There's a lot of good material about the late, lamented and definitely already-missed Bob Tucker.
But that's not why you need to read it.
There's an article by Ted White about the fan category Hugos.
Now I'm not sure how much of this article is revisionism (probably not much, but definitely a little) and how much is perspective differences that already existed back in the early days of Worldcon even before Ted and continue to this day (probably much), but there's definitely some real food for thought there.
Now I'd probably be last in a really long line to say Ted's a bitter old fan. I think there are a few flaws in his arguments. If conventions and fandom are about the creativity of fans, why shouldn't fans get the same award with the same name as pros? That argument is long over. I think characterizing Worldcon as a "three-ring pro-worshipping circus" and "Relatively few knowledgeable active fans join Worldcons now" is the epitome of bitterness. I think the FAAn awards are great, and I laud the fact that they're much more relaxed than the Hugos, but they're still both popularity contests, one amongst the great unwashed fen and one amongst a small cadre of fanzine fans.
On the other hand, I think he's got a point about circulation. Fan Artist, Fan Writer and Fanzine Hugos win on name recognition, but Pro Artist and Pro Editor have a similar problem. Big circulation gets you big name recognition. It's worked for Langford, it's worked for Charles Brown and Locus, and it's worked for Plokta (not that I have anything against any of these folks). It's still a popularity contest (albeit a popularity contest with arcane rules), and big circulation fanzines, big circulation fanwriters and big distribution fan artists are going to win...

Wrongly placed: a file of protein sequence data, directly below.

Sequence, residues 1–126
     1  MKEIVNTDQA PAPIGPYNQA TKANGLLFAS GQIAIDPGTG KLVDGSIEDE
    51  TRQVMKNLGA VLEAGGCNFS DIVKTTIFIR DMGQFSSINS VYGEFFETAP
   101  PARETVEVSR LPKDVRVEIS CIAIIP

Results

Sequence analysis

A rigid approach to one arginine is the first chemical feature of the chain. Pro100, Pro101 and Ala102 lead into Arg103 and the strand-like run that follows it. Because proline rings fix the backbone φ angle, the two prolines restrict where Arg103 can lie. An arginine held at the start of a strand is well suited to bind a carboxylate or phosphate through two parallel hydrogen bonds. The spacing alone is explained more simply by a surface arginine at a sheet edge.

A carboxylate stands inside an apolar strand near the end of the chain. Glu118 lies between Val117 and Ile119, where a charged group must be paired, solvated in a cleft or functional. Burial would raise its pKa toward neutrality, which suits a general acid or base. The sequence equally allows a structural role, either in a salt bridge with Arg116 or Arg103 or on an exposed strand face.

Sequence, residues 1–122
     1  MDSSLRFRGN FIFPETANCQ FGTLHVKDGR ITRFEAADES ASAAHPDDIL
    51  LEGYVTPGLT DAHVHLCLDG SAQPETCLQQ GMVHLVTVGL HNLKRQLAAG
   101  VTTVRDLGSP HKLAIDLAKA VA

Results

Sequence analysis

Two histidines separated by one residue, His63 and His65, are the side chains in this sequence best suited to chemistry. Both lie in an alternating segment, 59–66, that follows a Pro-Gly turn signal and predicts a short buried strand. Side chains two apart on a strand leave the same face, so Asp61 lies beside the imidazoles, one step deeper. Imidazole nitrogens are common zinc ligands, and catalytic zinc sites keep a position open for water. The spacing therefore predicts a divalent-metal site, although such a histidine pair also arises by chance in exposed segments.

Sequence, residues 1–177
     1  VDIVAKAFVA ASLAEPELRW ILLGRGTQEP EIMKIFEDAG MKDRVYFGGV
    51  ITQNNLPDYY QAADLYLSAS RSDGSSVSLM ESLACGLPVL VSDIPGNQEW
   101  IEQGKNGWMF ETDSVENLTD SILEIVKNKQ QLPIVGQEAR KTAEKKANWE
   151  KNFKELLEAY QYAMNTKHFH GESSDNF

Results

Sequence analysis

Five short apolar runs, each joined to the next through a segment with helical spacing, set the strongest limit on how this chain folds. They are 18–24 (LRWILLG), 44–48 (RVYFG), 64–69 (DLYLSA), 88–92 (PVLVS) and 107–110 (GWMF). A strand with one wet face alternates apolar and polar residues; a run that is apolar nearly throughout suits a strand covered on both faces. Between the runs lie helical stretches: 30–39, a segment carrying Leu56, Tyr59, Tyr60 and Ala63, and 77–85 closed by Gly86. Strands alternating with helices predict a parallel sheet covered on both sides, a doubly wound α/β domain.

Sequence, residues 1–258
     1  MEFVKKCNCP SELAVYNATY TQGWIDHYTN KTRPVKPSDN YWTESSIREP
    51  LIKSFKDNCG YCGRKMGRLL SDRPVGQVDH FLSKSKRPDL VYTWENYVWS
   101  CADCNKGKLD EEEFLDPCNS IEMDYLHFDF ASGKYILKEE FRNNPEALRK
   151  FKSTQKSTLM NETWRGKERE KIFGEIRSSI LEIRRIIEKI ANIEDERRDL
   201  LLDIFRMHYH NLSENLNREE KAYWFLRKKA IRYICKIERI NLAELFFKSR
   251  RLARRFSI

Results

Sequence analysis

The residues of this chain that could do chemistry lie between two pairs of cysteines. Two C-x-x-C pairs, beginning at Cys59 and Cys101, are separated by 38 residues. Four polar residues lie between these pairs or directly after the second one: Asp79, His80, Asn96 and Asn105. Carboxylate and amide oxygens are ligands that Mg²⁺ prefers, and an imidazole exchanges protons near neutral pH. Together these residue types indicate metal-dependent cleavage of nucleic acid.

...unless the folks who care have the wherewithal to vote...
...or the wherewithal to nominate. That nominating ballot is a really strong tool, and it often takes little more than two dozen nominations to get on the final ballot (gratuitous pimp for hugo_recommend... consider and influence nominations in an acceptable and proper fashion).
If we really care about the Hugo awards, nominating is where it's at.
When I'm less cranky about this, I'll LoC.